2. Lifting the Runners

    NASA Image and Video Library

    2010-08-25

    Under the unflinching summer sun, workers at NASA Deep Space Network complex in Goldstone, Calif., use a crane to lift a runner segment that is part of major surgery on a giant, 70-meter-wide antenna.

  3. Wind tower service lift

    DOEpatents

    Oliphant, David; Quilter, Jared; Andersen, Todd; Conroy, Thomas

    2011-09-13

    An apparatus used for maintaining a wind tower structure wherein the wind tower structure may have a plurality of legs and may be configured to support a wind turbine above the ground in a better position to interface with winds. The lift structure may be configured for carrying objects and have a guide system and drive system for mechanically communicating with a primary cable, rail or other first elongate member attached to the wind tower structure. The drive system and guide system may transmit forces that move the lift relative to the cable and thereby relative to the wind tower structure. A control interface may be included for controlling the amount and direction of the power into the guide system and drive system thereby causing the guide system and drive system to move the lift relative to said first elongate member such that said lift moves relative to said wind tower structure.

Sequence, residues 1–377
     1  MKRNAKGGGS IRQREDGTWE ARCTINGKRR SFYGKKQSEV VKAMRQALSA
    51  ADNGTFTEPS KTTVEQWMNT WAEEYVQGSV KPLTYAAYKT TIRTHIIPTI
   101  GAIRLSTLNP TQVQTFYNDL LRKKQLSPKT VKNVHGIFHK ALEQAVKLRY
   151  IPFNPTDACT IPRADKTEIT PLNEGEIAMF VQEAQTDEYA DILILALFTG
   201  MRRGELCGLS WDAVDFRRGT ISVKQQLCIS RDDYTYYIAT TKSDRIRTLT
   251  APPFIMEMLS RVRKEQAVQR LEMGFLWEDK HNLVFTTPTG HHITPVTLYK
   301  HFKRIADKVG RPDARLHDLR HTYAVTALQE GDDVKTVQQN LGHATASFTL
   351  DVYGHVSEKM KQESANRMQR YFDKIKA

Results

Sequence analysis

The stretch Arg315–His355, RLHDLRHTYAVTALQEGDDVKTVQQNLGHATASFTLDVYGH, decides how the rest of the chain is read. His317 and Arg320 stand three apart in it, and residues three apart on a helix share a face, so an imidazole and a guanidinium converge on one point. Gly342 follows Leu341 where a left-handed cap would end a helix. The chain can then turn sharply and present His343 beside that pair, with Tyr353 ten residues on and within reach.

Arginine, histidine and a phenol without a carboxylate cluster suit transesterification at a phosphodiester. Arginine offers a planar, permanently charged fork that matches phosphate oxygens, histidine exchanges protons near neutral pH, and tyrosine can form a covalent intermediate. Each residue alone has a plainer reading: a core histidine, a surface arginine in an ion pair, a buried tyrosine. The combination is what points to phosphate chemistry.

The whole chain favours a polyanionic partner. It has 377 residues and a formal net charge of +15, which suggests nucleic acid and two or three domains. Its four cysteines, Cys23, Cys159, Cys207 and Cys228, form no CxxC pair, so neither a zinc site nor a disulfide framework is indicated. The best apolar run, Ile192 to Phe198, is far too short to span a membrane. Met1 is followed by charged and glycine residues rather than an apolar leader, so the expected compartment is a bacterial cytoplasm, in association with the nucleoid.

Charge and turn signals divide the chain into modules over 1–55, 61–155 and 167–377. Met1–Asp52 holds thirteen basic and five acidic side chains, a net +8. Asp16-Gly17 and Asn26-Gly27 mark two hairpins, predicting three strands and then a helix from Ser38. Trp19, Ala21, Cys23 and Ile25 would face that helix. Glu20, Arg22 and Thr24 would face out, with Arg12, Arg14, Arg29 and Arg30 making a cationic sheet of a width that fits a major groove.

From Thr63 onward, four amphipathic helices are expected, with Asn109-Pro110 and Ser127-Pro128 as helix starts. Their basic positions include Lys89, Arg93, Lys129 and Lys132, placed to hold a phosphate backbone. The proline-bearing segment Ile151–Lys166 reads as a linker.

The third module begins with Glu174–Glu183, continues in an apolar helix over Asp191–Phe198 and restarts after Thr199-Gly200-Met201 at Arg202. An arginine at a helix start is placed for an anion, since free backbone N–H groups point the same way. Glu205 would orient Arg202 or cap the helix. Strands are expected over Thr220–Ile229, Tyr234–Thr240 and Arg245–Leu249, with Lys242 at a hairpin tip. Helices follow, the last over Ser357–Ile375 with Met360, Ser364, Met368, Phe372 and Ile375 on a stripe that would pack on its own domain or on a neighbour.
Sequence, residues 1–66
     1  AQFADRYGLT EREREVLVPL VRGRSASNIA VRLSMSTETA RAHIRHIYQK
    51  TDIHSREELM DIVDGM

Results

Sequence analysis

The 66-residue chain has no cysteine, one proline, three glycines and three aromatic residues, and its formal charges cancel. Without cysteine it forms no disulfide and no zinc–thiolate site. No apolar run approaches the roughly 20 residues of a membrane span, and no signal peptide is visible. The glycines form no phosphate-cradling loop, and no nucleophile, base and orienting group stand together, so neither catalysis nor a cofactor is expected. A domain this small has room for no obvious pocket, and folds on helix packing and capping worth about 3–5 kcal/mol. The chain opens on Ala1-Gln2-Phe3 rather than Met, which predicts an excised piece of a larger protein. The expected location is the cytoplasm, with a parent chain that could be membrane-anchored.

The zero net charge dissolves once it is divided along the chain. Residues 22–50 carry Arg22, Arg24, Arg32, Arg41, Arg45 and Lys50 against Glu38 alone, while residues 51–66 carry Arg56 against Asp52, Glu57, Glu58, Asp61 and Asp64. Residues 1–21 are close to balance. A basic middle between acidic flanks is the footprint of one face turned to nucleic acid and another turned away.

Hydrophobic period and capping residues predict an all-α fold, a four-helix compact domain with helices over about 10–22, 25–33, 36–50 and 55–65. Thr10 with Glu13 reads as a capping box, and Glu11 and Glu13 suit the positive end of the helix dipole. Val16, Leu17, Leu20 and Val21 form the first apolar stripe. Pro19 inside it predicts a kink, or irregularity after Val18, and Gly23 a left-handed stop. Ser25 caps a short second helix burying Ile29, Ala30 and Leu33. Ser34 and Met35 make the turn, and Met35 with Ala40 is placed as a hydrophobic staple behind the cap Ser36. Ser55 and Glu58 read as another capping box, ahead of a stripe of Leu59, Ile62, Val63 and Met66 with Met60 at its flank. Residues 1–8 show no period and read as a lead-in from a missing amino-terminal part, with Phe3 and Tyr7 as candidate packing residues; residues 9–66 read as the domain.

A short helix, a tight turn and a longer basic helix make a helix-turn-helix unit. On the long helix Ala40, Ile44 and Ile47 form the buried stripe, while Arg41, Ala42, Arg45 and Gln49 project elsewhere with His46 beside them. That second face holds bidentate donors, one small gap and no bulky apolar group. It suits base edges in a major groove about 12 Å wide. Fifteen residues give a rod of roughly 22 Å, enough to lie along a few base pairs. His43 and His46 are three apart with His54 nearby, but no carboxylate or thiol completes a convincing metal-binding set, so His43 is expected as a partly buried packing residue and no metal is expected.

4. FREIGHT CONTAINER LIFTING STANDARD

    SciTech Connect

    POWERS DJ; SCOTT MA; MACKEY TC

    2010-01-13

    This standard details the correct methods of lifting and handling Series 1 freight containers following ISO-3874 and ISO-1496. The changes within RPP-40736 will allow better reading comprehension, as well as correcting editorial errors.

  5. Aerodynamic Lifting Force.

    ERIC Educational Resources Information Center

    Weltner, Klaus

    1990-01-01

    Describes some experiments showing both qualitatively and quantitatively that aerodynamic lift is a reaction force. Demonstrates reaction forces caused by the acceleration of an airstream and the deflection of an airstream. Provides pictures of demonstration apparatus and mathematical expressions. (YP)

  6. Aerodynamic Lifting Force.

    ERIC Educational Resources Information Center

    Weltner, Klaus

    1990-01-01